Sergio Perez facing race ban

Max Verstappen returned to the front in Japan, while Sergio Perez struggled through multiple incidents during the Grand Prix.

Sergio Perez endured a nightmarish Japanese Grand Prix, accumulating penalty points that cast a shadow over his race performance. 

Starting from fifth place and within striking distance of the podium, Perez encountered a series of unfortunate events, beginning with a collision with Lewis Hamilton at the race’s outset, which inflicted damage to his front wing.

As a result, Perez was forced into the pits at the conclusion of the first lap to replace his damaged wing. 

However, his woes continued when he collided with Kevin Magnussen shortly thereafter, necessitating a third visit to the pits. 

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Eventually, Perez had no choice but to retire from the race after incurring two separate penalties.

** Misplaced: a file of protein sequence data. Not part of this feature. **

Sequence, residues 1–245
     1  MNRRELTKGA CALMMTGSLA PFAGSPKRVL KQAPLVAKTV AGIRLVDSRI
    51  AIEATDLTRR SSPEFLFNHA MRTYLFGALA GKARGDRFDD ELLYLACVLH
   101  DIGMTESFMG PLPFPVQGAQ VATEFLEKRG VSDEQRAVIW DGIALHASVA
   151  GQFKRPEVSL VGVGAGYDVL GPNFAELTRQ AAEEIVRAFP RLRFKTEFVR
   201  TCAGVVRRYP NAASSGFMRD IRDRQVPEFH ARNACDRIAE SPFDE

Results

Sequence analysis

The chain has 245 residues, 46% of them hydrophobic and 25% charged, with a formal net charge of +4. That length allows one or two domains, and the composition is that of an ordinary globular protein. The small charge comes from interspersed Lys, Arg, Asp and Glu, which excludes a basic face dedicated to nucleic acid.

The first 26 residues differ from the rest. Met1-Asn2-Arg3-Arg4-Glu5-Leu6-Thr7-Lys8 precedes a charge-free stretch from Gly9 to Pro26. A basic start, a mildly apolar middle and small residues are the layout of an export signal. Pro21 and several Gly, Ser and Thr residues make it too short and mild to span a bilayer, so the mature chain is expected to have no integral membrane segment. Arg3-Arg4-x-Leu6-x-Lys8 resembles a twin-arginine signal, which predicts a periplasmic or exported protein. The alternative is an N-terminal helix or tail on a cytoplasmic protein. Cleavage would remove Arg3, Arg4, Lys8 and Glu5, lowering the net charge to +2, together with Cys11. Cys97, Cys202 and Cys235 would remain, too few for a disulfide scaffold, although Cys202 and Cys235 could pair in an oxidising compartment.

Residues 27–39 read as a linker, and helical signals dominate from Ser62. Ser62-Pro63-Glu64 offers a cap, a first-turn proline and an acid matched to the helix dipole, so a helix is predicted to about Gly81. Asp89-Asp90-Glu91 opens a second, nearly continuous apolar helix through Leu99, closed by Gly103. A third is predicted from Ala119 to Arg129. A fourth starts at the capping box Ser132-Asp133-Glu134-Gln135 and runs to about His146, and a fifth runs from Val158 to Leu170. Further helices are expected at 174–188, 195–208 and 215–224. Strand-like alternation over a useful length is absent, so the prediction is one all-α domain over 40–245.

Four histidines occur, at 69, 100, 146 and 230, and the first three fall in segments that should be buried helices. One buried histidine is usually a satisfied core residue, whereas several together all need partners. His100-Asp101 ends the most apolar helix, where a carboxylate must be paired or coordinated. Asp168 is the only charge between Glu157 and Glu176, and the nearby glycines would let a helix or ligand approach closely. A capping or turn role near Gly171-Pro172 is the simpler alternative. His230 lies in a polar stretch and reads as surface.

Adding to his troubles, Perez’s penalty points tally has now reached seven, as he picked up four on his license during the Japanese Grand Prix. 

Formula 1 drivers face the prospect of a race ban if they accumulate 12 penalty points within a 12-month period, a threshold that no driver has ever reached, although some have come close.

While Perez still has some margin before reaching that limit, he must exercise caution for the remainder of the season to avoid walking on a tightrope.

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Reflecting on his challenging day, Perez commented, “It was just a disastrous weekend. 

“It all started into turn one with a really bad start, and I was squeezed down, and I was just a passenger then in a sandwich. 

“I think we carried a lot of damage in the car as well, and that just made it a lot harder for us.”

Perez became the second retiree of the race, but intriguingly, his team decided to reintroduce him to the track later in the event. 

They had sought and received permission from the FIA to do so, even though Perez was more than 20 laps behind the leaders, rendering any hopes of scoring points futile.

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Red Bull’s decision to bring Perez back on track was primarily aimed at averting a grid penalty for the upcoming event. 

The regulations allow stewards to impose a grid penalty in the next race if a driver fails to serve a time penalty during a race. 

To preemptively address this threat, Red Bull exploited a loophole in the rules, effectively “serving” the penalty at Suzuka to safeguard their plans for the Qatar Grand Prix.